Hunua Ranges Kokako Recovery Project

Help bring pest numbers down so that the rare and beautiful bird, the North Island Kokako can breed successfully in the heart of the Hunua Ranges.

You will be trap checking and replacing to reduce predator numbers in the area. You will work in the heart of the Hunua Ranges in lush bush and will be very likely to see rare native birds such as kokako and kaka. Your work will help to reduce the animal pest numbers in the Hunua Ranges and protect the native bird species there – the kokako and soon-to-be introduced brown kiwi in particular.

A good level of fitness and health is important, as you will be walking through the bush and carrying a small pack while you work. A great deal of walking is involved and volunteers need to be comfortable working with traps and toxic bait. Training will be provided to you, just come with a happy attitude!

You will need suitable footwear and outdoor clothing and ideally you will be experienced in walking and/or tramping in the bush.

Social Protocols

  1. Respect the environment - You will be out in nature for this experience so please help protect our environment by taking all your rubbish with you.
  2. Be a great listener - Have fun and stay safe by following instructions carefully.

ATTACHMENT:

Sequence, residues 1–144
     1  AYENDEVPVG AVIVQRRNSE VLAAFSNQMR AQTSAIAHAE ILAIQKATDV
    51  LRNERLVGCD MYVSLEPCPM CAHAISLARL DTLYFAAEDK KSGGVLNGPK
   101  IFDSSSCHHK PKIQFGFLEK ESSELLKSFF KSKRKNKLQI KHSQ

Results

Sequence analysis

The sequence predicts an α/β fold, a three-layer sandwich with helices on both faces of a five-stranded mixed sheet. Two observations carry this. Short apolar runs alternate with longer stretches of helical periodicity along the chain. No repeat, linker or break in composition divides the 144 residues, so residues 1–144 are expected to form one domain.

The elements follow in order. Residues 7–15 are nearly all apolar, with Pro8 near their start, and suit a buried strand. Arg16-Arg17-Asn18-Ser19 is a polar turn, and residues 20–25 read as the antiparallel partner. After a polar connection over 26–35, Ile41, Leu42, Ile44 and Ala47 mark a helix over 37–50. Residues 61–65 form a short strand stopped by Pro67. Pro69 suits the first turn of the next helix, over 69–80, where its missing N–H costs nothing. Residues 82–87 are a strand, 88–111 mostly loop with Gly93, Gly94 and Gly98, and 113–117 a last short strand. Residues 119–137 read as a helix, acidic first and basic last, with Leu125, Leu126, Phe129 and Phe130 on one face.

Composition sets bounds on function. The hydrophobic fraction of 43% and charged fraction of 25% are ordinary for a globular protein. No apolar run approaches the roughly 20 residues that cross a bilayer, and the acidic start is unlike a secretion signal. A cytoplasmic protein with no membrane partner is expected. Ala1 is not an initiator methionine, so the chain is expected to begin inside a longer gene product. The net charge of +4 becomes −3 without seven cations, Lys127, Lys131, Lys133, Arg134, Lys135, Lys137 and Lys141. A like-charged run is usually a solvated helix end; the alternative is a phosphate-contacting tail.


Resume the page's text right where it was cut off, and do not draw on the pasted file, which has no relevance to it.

3. Stay safe in the outdoors - Your guides know the environment better than anyone and are there to keep you safe; listen to ALL their instructions, ALL the time.
  4. Be sun smart - Make sure you bring sunblock to protect yourself from the Kiwi sun (even on cloudy days!)

Cultural Protocols

  1. Be a respectful visitor - You will be a guest during this experience, so please be respectful. Two important Māori customs are to take your shoes off indoors and avoid sitting on tables or pillows.
  2. Don't be shy - Kiwis are very friendly, open people so this experience is a great opportunity to not be shy, smile lots and make some new friends.
  3. Hello and goodbye in Māori - If you want to start practising some basic Māori phrases, you could try using ‘Kia ora’ (hello) and ‘Ka kite’ (goodbye).
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